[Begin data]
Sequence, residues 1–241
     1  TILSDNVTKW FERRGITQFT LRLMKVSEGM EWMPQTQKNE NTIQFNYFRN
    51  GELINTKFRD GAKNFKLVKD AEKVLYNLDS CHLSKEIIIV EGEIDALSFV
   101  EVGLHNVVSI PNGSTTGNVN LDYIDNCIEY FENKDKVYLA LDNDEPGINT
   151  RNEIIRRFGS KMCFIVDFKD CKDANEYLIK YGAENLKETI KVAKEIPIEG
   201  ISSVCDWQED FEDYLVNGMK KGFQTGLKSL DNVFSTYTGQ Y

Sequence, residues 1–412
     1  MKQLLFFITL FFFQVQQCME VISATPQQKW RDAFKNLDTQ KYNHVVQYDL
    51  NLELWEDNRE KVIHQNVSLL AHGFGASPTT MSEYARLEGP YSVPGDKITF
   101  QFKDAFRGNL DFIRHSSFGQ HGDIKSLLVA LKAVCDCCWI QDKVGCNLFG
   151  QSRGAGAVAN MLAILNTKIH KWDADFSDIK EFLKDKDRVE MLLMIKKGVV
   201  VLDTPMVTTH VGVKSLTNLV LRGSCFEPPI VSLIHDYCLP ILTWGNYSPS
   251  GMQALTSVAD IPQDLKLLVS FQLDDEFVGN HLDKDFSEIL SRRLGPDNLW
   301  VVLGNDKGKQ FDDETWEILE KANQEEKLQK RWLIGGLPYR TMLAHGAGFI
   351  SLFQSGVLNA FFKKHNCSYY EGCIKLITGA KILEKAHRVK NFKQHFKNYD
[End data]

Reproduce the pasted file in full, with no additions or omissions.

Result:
Sequence, residues 1–241
     1  TILSDNVTKW FERRGITQFT LRLMKVSEGM EWMPQTQKNE NTIQFNYFRN
    51  GELINTKFRD GAKNFKLVKD AEKVLYNLDS CHLSKEIIIV EGEIDALSFV
   101  EVGLHNVVSI PNGSTTGNVN LDYIDNCIEY FENKDKVYLA LDNDEPGINT
   151  RNEIIRRFGS KMCFIVDFKD CKDANEYLIK YGAENLKETI KVAKEIPIEG
   201  ISSVCDWQED FEDYLVNGMK KGFQTGLKSL DNVFSTYTGQ Y

Sequence, residues 1–412
     1  MKQLLFFITL FFFQVQQCME VISATPQQKW RDAFKNLDTQ KYNHVVQYDL
    51  NLELWEDNRE KVIHQNVSLL AHGFGASPTT MSEYARLEGP YSVPGDKITF
   101  QFKDAFRGNL DFIRHSSFGQ HGDIKSLLVA LKAVCDCCWI QDKVGCNLFG
   151  QSRGAGAVAN MLAILNTKIH KWDADFSDIK EFLKDKDRVE MLLMIKKGVV
   201  VLDTPMVTTH VGVKSLTNLV LRGSCFEPPI VSLIHDYCLP ILTWGNYSPS
   251  GMQALTSVAD IPQDLKLLVS FQLDDEFVGN HLDKDFSEIL SRRLGPDNLW
   301  VVLGNDKGKQ FDDETWEILE KANQEEKLQK RWLIGGLPYR TMLAHGAGFI
   351  SLFQSGVLNA FFKKHNCSYY EGCIKLITGA KILEKAHRVK NFKQHFKNYD